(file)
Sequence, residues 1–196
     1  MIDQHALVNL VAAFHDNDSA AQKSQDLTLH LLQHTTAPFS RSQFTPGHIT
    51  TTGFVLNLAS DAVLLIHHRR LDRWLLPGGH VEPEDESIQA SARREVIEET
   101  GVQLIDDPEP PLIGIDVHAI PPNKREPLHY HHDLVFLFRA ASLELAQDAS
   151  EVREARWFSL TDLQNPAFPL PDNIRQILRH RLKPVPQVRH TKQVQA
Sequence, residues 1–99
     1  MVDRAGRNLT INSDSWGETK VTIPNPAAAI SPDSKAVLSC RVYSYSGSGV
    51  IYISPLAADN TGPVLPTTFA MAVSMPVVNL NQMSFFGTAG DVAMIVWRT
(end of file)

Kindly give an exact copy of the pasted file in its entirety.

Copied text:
Sequence, residues 1–196
     1  MIDQHALVNL VAAFHDNDSA AQKSQDLTLH LLQHTTAPFS RSQFTPGHIT
    51  TTGFVLNLAS DAVLLIHHRR LDRWLLPGGH VEPEDESIQA SARREVIEET
   101  GVQLIDDPEP PLIGIDVHAI PPNKREPLHY HHDLVFLFRA ASLELAQDAS
   151  EVREARWFSL TDLQNPAFPL PDNIRQILRH RLKPVPQVRH TKQVQA
Sequence, residues 1–99
     1  MVDRAGRNLT INSDSWGETK VTIPNPAAAI SPDSKAVLSC RVYSYSGSGV
    51  IYISPLAADN TGPVLPTTFA MAVSMPVVNL NQMSFFGTAG DVAMIVWRT